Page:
A study published recently in the journal Environmental Science and Technology confirmed that contaminated soil is to blame for increased blood lead levels in children during the summer. The research, which tracked more than 367,000 children in Detroit over a nine-year period, found that seasonal fluctuations in blood lead levels found in children are the result of resuspended dust contaminated with lead.
Lead exposure is considered to be the number one environmental threat to American children. Research has shown that even at levels that do not cause immediate symptoms, lead poisoning can cause permanent brain damage.
While children’s exposure to lead has declined since lead was eliminated from gas, paint, water pipes and the solder on canned goods, scientists have noted a seasonal rise in blood-lead levels among urban kids, reports Brita Belli for E Magazine. The purpose of the recent study was to figure out why children displayed higher blood lead levels in the summer versus winter.
“What we have done is demonstrate that increased blood lead levels in the summer are connected to increased amounts of soil and dust contaminated with lead,” said lead researcher Shawn P. McElmurry, assistant professor of civil and environmental engineering in Wayne State University. “This soil is resuspended into the air to a greater extent during the summer than during the winter, hence showing decreased lead levels in children during the winter months.”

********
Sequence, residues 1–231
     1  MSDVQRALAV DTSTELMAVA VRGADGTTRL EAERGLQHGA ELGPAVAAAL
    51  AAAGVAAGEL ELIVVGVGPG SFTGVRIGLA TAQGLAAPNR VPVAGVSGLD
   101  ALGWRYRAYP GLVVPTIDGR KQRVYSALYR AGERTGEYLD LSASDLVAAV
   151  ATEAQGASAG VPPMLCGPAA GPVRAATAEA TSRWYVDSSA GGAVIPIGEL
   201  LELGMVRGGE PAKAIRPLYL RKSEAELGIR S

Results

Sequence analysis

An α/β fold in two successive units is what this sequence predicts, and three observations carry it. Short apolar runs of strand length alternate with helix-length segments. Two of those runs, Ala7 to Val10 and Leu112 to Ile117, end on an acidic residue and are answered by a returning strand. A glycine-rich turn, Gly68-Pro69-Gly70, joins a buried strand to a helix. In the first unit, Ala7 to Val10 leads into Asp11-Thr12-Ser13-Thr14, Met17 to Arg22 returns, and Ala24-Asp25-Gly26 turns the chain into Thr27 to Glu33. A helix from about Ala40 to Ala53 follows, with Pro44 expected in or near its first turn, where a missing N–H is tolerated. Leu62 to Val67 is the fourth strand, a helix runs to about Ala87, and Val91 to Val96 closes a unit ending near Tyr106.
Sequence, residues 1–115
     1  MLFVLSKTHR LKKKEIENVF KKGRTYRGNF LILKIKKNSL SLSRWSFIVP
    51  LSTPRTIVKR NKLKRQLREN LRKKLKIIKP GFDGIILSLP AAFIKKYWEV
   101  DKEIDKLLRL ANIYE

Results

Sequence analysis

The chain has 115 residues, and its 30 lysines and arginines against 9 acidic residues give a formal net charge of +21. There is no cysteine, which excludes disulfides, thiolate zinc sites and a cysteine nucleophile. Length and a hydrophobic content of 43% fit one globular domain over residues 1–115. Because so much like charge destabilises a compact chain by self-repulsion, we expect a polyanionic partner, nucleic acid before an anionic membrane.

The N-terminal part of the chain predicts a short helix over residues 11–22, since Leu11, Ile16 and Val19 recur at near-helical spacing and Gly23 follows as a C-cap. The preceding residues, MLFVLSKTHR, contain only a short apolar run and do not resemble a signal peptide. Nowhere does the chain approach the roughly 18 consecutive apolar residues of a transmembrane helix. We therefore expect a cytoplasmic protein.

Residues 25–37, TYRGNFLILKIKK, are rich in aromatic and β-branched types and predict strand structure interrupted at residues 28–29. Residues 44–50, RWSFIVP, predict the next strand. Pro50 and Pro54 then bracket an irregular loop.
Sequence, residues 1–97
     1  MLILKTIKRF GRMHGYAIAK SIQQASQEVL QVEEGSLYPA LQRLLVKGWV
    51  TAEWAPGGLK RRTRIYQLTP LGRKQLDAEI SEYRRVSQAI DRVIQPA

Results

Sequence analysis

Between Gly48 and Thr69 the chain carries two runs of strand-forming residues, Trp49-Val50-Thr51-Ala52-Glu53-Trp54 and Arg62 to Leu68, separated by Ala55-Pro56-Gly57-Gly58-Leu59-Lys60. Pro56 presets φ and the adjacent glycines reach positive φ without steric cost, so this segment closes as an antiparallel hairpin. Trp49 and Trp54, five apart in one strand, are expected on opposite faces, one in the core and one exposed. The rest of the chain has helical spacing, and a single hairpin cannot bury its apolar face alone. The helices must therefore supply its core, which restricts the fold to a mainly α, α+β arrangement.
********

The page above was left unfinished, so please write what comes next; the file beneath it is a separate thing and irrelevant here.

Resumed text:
Kids in urban areas often play near roadways, vacant lots, and buildings where soil is more likely to be contaminated by past deposits of gasoline, outdated plumbing and toxic pesticides, putting them at greater risk of exposure. In the summer, soil is dry, making it easier for contaminated particles to be kicked up as dust by the wind. Then, increased humidity levels help to suspend these particles in the air, where they are inhaled.
“In Detroit, a city with some of the highest blood-lead levels in kids, a study in the American Journal of Public Health found a direct correlation between lead levels in kids and poor academic performance, writes Belli. “Children with 2-5 micrograms per deciliter of lead in their blood had a 33 percent greater likelihood of poor academic performance. Those lead levels are equal or below those set by the Centers for Disease Control and Prevention.”
The discovery that soil (aka dirt and dust) is poisoning our kids is bad news, especially in urban areas that have elected to turn vacant lots and road-facing lawns into community gardens. ”In places where the soil is heavily contaminated, urban food production may raise as many public health concerns as it solves,” said Samantha Langley-Turbaugh, a soil scientist at the University of Southern Maine in Portland, told LiveScience.com. Unfortunately, few studies have examined the quantity of lead-contaminated produce a person would need to eat in order to raise levels of lead in the blood.